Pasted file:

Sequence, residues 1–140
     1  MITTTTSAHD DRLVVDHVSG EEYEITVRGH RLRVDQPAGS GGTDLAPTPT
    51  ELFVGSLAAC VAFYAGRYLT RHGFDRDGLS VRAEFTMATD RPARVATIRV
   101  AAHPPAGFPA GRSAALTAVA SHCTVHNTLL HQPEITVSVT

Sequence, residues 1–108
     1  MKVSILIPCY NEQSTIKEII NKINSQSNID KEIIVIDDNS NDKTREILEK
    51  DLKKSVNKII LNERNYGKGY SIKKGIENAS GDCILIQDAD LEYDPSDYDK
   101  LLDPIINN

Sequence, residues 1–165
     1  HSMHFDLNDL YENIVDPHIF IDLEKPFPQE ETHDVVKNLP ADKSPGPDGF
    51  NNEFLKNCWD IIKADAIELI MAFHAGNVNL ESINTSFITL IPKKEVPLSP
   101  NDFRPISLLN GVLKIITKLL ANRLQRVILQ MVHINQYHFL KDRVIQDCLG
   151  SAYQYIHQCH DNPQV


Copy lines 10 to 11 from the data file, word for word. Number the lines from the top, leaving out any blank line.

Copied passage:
     1  HSMHFDLNDL YENIVDPHIF IDLEKPFPQE ETHDVVKNLP ADKSPGPDGF
    51  NNEFLKNCWD IIKADAIELI MAFHAGNVNL ESINTSFITL IPKKEVPLSP